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How should I play the half bass notes with the slashed stem?

See please the attached image:

enter image description here

2 Answers 2

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It's called measured tremolo, and is a shorthand for writing a series of eighth notes. It means that you are to play repeated eighth notes that fill the time of the half note. So, for example, in the first measure, you'd play four eighth notes of A, followed by four eighth notes of G♯.

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  • See also: music.stackexchange.com/questions/20649/… Commented Jul 8, 2015 at 5:43
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    Uncommon in a piano score. Much more common in instrumental music, where repeated notes are a frequent feature of string parts in particular.
    – Laurence
    Commented Jul 8, 2015 at 13:39
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    To be precise, the repetition rate is typically two notes per beat. If this were in cut time (2/2), then you'd play two notes for each half note, not four. Commented Jul 8, 2015 at 16:12
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    Thank you for the answer Caleb Hines. Finally, I think that the half note means that these notes are played as quarters. The piece of music is the Resurreccion del Angel by Astor Piazzolla a slow tango and I can clearly hear this quarters on the bass lines.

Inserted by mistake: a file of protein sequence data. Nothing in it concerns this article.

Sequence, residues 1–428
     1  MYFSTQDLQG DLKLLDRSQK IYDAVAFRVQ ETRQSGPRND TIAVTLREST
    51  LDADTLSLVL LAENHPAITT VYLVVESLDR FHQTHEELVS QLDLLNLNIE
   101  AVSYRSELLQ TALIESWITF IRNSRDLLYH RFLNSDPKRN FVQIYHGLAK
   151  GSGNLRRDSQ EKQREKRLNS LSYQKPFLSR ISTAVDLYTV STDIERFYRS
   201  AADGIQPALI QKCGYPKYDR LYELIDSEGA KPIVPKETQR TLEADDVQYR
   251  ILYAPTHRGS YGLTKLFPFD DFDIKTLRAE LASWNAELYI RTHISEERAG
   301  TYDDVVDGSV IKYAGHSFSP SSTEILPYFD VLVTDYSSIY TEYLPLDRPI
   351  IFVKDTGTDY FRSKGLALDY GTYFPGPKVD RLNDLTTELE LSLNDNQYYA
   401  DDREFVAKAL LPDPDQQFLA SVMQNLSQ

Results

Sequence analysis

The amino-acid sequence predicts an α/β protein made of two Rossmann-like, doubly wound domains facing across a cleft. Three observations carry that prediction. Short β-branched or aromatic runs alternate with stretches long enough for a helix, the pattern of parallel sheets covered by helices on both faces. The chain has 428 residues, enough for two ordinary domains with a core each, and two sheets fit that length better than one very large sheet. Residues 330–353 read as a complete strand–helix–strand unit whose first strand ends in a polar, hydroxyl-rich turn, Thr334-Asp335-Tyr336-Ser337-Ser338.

– vagoo
    Commented Jul 15, 2015 at 14:39
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    If there were two slashes through the stem of a half note, it would be 8th notes, and if there were three slashes through the stem of a half note, it would be 16th notes, etc.
    – user1044
    Commented Aug 11, 2015 at 2:47
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Just in case a total music nerd comes across this: a note stem with slash is the modern transcription of a "plica" in Modal (meaning: 12th/13th century School of Notre Dame) notation.

A plica is a single note with stems on both left and right side, both up or both down. The left stem has no meaning, but the right one indicates that the note is "plicated". This means that the note length (typically a longa, rendered as a quarter note) is split in two notes (therefore: eights), with the second a diatonic step up or down depending on the stem direction. In modern transcriptions, the stem of the second note receives a slash, to indicate that it was a plica in the original.

Example: https://imslp.org/wiki/Magnus_Liber_Organi_(Various) part 2, opening page, 3rd staff, 2nd note.

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    I'm afraid this answer is not too informative. Could you add an example of such notation, and an explanation how it should be realized? Commented May 5, 2023 at 19:32

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